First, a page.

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Week 9 [09.12-15.12.19] New financial crisis. Should we be afraid?

How to Increase Subscribers and Reader Engagement



Last week I decided to find some quality Australian blogs to subscribe to. I used a newly compiled list of Australian Marketing Blogs that Julian Cole put together as the basis for my search.

I was excited by the quality of some of the blogs on that list – but it struck me as I surfed through the list that there were three frustrations that I had with quite a few of the blogs on the list (definitely not all of them, but enough for me to notice).

None of these problems are issues that just Australian bloggers or Marketing bloggers face – I see them every day around the web (although I did find it ironic that a list of ‘Marketing’ blogs would have some of these problems).

1. Hidden Subscription Options



I was on a mission to subscribe to great blogs – but one disappointing thing that I noticed was that quite a few of the bloggers didn’t make this easy for me simply because they ‘hid’ their subscription methods way down the page (and a couple didn’t even show them at all). Most browsers these days give those who use them the ability to subscribe by clicking the RSS icon in their address bar – but many web users don’t know that they can do this (or are using old browsers).

If one of your goals as a blogger is to grow your readership then one great way to capture first time readers is to get them to subscribe (whether that be to an RSS feed, an RSS to Email service or a newsletter. If you hide or obscure these options you’re not likely to get the conversions.

My own approach with getting subscribers is to place these subscription options prominently in a sidebar and then under posts on single post pages (usually below the fold). This means that whether a new reader is above or below the fold they are invited to subscribe.



Further Reading – 11 Ways to Get New RSS Subscribers for your Blog

2. No Way to Contact the Blogger

There were a number of blogs on the list that I was really impressed with – so much so that I wanted to contact the blogger and congratulate them on their blogs. The only problem was that on a couple of occasions I found it difficult to find any way to contact the blogger other than to leave a public comment.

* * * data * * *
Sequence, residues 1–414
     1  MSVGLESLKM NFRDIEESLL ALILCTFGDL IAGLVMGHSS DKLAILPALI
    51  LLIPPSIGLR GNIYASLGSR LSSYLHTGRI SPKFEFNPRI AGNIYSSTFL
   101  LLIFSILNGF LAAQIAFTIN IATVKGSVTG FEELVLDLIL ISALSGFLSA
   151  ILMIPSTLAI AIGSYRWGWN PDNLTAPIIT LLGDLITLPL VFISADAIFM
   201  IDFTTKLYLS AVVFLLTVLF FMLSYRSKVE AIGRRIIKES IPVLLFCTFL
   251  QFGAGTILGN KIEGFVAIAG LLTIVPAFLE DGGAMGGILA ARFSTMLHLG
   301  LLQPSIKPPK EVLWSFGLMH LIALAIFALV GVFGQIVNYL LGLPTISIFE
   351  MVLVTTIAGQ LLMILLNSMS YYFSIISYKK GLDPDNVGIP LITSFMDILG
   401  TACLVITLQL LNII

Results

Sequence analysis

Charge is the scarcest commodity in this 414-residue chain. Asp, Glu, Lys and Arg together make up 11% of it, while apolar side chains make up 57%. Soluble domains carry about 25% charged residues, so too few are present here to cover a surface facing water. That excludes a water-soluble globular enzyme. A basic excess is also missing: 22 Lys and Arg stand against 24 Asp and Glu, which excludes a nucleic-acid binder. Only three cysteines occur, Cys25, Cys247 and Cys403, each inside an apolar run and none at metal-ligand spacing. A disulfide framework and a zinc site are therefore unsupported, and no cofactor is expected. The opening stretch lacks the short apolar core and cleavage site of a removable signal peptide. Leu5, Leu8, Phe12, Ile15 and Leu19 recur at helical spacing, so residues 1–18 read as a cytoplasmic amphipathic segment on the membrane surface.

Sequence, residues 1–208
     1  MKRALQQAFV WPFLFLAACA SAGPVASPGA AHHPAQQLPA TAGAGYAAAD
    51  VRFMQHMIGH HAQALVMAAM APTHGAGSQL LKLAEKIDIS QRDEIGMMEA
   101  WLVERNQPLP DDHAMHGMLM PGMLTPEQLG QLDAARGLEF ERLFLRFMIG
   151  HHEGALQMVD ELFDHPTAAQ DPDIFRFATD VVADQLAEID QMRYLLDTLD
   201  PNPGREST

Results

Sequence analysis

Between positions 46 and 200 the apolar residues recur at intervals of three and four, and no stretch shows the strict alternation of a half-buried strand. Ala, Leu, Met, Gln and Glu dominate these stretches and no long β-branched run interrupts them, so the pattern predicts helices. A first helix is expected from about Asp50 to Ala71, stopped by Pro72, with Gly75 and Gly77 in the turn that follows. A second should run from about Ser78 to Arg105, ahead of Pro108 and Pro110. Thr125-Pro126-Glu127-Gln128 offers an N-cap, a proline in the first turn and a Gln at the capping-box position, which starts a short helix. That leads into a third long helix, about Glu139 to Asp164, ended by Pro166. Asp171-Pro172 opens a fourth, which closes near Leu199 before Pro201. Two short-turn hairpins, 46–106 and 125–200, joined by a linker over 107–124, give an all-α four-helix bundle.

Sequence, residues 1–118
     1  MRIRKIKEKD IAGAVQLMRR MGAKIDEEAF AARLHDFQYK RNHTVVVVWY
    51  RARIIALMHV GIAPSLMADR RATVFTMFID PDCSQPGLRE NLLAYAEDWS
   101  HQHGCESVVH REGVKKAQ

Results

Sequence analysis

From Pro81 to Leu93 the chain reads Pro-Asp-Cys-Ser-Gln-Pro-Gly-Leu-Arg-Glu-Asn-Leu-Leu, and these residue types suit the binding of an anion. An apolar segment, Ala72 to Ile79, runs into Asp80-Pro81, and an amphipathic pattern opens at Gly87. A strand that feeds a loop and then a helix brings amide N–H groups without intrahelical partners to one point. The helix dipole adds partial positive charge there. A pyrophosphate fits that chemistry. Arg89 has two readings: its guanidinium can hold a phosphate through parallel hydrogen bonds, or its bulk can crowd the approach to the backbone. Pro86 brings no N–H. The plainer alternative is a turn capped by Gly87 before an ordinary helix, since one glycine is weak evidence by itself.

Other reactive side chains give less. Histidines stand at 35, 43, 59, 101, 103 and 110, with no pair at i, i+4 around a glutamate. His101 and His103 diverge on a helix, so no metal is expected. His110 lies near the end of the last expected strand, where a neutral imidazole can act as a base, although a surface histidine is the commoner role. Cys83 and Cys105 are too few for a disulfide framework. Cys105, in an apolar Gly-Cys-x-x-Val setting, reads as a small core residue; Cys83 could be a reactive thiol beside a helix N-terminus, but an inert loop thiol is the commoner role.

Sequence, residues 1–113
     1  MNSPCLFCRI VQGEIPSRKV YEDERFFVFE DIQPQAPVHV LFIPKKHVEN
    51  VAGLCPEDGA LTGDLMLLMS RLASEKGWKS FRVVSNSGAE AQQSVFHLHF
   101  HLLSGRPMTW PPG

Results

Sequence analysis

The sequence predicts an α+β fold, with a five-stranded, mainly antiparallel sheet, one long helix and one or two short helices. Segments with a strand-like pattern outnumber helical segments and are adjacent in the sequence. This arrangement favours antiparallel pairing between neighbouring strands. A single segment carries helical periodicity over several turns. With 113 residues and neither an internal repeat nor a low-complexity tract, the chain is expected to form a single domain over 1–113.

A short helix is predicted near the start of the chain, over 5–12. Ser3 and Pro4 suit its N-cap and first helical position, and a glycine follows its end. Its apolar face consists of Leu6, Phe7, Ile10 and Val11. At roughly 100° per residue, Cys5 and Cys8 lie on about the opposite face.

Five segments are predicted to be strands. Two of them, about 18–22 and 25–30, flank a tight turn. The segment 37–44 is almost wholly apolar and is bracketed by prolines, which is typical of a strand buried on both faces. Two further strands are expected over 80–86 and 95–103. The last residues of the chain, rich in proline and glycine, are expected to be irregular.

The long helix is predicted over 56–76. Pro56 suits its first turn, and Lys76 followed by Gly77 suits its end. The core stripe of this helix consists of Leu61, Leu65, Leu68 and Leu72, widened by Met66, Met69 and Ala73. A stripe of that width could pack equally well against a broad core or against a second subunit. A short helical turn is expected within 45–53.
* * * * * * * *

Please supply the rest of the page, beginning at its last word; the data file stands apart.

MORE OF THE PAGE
I understand some bloggers desires to have privacy or to cut down the admin of their blogs by keeping themselves difficult to contact but in doing so you not only filter the loonies approaches but also legitimate opportunities, potential partnerships etc

Contact options don’t necessarily have to be giving out your email address – you could have a contact form, give Twitter details, have an IM option or give other social networking profiles (the key is to give ones that you actually check).



Further Reading – Why Your Blog’s Readers Should be Able to Contact You

3. No About Page

This one is probably more my personal preference and less essential than the first two points – but when I find a blog that I’m interested in one of the first things that I like to do to help me decide whether to subscribe to it is to search for more information about the blog and who writes it.

Some kind of an ‘About Page’ is a great way to satisfy and draw in curious potential readers (like me) and to deepen the connection with them.

Your About page is a wonderful opportunity to make a connection with new people to your blog, to sell yourself and give reasons why people should read you.



You can of course do this in other ways (an intro in your sidebar perhaps) but a page dedicated to sharing your information in this way can really work well.

Further Reading – Add an About Page to Your Blog, How to Write Your “About Me” Page and Conduct an About Page Audit



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